Wednesday, October 24, 2012 Altzayanca
Blog by Dr. Laura Wolfe, Photos by Karen Kennedy, Icon Studios
My day started at 6:15 at the “Hotel Juvenile”. My roommates and I got ready and organized for another day of lectures and fieldwork. After a breakfast of coffee and pancakes our team headed to the CATED center for morning lectures. Dr. Rob Franklin did a very apt presentation on burro nutrition, which clearly illustrated to me how these donkeys are able to survive on so little sustenance. Burros’ energy requirements are only 75% that of horses, they require more fiber and are more efficient cellulose fermenters. He addressed some of the issues facing these little burros that we have all been observing over the last few days. Many of the animals wear muzzles for various reasons while they are working and they aren’t allowed to graze freely. They are typically kept in small pens or tethered out for grazing. Dr. Julie Wilson talked about different perspectives of putting together the medicine aspects of an equitarian project. That we should find out what usual health care is available and what the locals’ wants and needs are. She also did a brief overview of what medical conditions we might see that are significantly different than those most of us see in in the United States. As a practitioner in Florida I see some of the same conditions related to flies, ticks and culicoides, but I have never seen a cutaneous tuberculosis lesion nor have I seen vampire bat bites! Many of the animals suffer from malnutrition which is only exacerbated by parasites and poor dentition. She encouraged us to remember to utilize our superior physical exam skills and all of our senses since in most cases that would be what we would have to rely on. Then Dr. David Turoff
spoke about his approach to dentistry on equitarian type trips.
We arrived in the town of Altzaynca around 11 AM to start the clinic day. Whereas yesterday we arrived to find the tents set up and what seemed like hundreds of burros awaiting us, today was more low key. The patients seemed to trickle in throughout the day. Some of the animals arrived in the backs of pick-up trucks or open trailers. Some arrived with a vaquero on horseback leading a half-dozen other horses. A few burros arrived with their owners perched somewhat precariously on their hindquarters. I was assured that this was the standard way of riding them!
A donkey arrives to receive health care services.
Riding in style on the burro’s back end
At one point during the morning I saw a truck pull into our area pulling what looked like an old -fashioned circus cage containing an adult tiger and behind that a trailer carrying a llama and small pony. Thankfully the tiger didn’t stay. Not sure how that would have gone!
We saw around (60) equids today, most of which were horses. Overall they seemed to be in better body condition and had fewer problems.
Well cared for horses from today’s caseload
Many of the equid owners showed affection for their animals at this village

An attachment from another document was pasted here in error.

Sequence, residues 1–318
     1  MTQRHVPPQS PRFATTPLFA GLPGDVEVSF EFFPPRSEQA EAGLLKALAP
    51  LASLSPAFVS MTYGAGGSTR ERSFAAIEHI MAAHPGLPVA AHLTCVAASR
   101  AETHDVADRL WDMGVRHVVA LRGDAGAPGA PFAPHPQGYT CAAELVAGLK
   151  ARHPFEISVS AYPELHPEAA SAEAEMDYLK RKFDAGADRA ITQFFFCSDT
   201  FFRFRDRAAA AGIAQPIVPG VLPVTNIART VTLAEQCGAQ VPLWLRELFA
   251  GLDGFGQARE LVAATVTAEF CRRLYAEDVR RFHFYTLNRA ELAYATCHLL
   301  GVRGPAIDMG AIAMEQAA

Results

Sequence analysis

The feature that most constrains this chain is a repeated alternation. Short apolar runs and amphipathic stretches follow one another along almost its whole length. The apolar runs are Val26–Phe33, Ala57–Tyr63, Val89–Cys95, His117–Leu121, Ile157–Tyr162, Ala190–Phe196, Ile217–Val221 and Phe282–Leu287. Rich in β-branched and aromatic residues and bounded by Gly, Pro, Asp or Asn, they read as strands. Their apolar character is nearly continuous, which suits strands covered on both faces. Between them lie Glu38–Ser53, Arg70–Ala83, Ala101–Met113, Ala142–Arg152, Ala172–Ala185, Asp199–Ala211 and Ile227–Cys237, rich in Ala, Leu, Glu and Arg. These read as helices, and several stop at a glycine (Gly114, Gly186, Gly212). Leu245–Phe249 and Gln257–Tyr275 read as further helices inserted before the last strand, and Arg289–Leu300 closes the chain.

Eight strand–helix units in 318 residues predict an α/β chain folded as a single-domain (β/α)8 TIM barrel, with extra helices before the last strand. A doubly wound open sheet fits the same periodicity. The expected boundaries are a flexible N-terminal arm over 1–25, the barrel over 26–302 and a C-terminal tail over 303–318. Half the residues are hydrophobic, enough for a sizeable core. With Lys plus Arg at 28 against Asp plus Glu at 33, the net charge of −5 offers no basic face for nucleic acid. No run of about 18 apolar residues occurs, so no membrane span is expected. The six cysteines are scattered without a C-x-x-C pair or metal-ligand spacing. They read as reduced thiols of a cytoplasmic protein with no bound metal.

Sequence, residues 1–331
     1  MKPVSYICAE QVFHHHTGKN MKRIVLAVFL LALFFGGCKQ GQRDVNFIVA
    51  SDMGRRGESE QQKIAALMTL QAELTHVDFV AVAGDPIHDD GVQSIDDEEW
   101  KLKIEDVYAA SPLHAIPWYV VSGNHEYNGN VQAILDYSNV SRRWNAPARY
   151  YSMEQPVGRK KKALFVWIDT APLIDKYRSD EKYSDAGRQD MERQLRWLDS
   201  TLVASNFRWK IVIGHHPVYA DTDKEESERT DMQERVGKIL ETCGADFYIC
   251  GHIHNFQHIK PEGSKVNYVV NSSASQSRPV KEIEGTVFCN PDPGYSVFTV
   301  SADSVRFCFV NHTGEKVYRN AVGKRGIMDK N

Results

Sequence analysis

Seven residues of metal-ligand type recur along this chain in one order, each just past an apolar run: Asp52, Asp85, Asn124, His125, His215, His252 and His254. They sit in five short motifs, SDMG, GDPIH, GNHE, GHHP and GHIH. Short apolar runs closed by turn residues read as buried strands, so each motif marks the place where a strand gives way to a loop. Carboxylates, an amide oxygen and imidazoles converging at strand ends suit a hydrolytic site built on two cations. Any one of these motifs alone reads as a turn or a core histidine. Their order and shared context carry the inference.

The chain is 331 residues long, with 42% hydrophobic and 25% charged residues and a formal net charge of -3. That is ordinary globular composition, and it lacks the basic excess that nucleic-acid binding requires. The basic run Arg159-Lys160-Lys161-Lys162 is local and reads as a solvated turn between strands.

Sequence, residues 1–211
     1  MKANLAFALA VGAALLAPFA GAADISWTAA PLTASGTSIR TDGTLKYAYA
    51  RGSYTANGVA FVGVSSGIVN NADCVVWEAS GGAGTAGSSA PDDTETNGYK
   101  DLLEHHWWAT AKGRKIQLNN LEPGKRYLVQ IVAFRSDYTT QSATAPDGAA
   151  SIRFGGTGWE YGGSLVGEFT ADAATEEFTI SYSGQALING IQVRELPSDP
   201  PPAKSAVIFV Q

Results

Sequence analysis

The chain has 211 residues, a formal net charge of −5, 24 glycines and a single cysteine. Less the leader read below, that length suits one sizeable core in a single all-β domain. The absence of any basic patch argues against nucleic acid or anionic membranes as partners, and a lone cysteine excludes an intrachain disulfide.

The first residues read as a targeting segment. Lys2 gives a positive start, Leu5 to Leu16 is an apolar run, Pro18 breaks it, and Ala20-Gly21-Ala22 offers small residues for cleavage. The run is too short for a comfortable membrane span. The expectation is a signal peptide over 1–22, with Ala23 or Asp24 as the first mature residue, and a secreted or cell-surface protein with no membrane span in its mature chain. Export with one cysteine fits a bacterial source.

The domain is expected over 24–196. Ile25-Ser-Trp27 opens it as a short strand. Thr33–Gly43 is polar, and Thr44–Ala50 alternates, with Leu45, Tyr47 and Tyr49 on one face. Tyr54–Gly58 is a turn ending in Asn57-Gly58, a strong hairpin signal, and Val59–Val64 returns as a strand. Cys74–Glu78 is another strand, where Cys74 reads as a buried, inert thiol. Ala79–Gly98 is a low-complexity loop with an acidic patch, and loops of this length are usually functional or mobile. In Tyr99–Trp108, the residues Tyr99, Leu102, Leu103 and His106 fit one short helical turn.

The medicine tent’s caseload was predominately healthy looking horses with a history of cough. Only one had significant signs of recurrent airway obstruction, though the others had mild indications of lower airway irritation. The owners were advised to wet their animal’s feed and do their best to avoid dust. The reproduction team was kept busy with numerous pregnancy checks.
The “Casco” (hoof) tent (farriers and lameness) saw some interesting cases where there was simply a lack of routine hoof care. In one particular case the hoof wall had actually folded under and the horse was actually walking on its outer hoof wall.
Those at the surgery station performed castrations, and enjoyed discussions on the strengths of different castration techniques.I had the opportunity to assist on a castration with Dr. Merriam and one of my roommates, Dr. Sabine Buerchler, utilitzing a “Henderson” clamp. That was a first for me.
Dr. Luis Velazquez provides a review of anatomy and techniques for castration for Mexican veterinary students with input from Dr.
Laura Wolfe and Dr. Sabine Buerchler
Our afternoon was fairly slow for all but the dentistry tent (that’s the norm!) and found many of us struggling (I speak for myself) to master the art of knot tying in an attempt to make a rope halter. Thanks to Dr. Tracy Turner, Master Saddler Matthew and Dr. Heather Ross for their assistance.
A high five to say thank you for the FullBucket supplement
One of many beautiful young horses in Altzayanca
As evening arrived we made our way back to the CATED center through a fairly rich agricultural area with fields of corn, agave, peach trees and irrigated alfalfa overlooked by picturesque mountain back drops.
The evening held more interesting lectures and pictures from Dr. Larry Kelly on different dental pathologies and treatments. Dr. Joao Rodrigues from Portugal had a fantastic slide show featuring the donkeys he treats in his practice in northern Portugal, showing some very interesting problems associated with maleruption and supernumerary teeth. Dr. Becky Bott , one of our three animal scientists, spoke about her research on horses at Native American Reservations in South Dakota and an Equitarian program she is trying to initiate there. Dr. Anisha Aiyappa from England spoke about her experiences working as a veterinarian in various countries including India and currently here in Mexico. She emphasized how understanding the culture of the people you are working with and their needs is imperative to truly make a difference.
Then back to the “La Trinidad” for dinner, showers and bed to rest up tomorrow which is expected to be a high volume caseload day.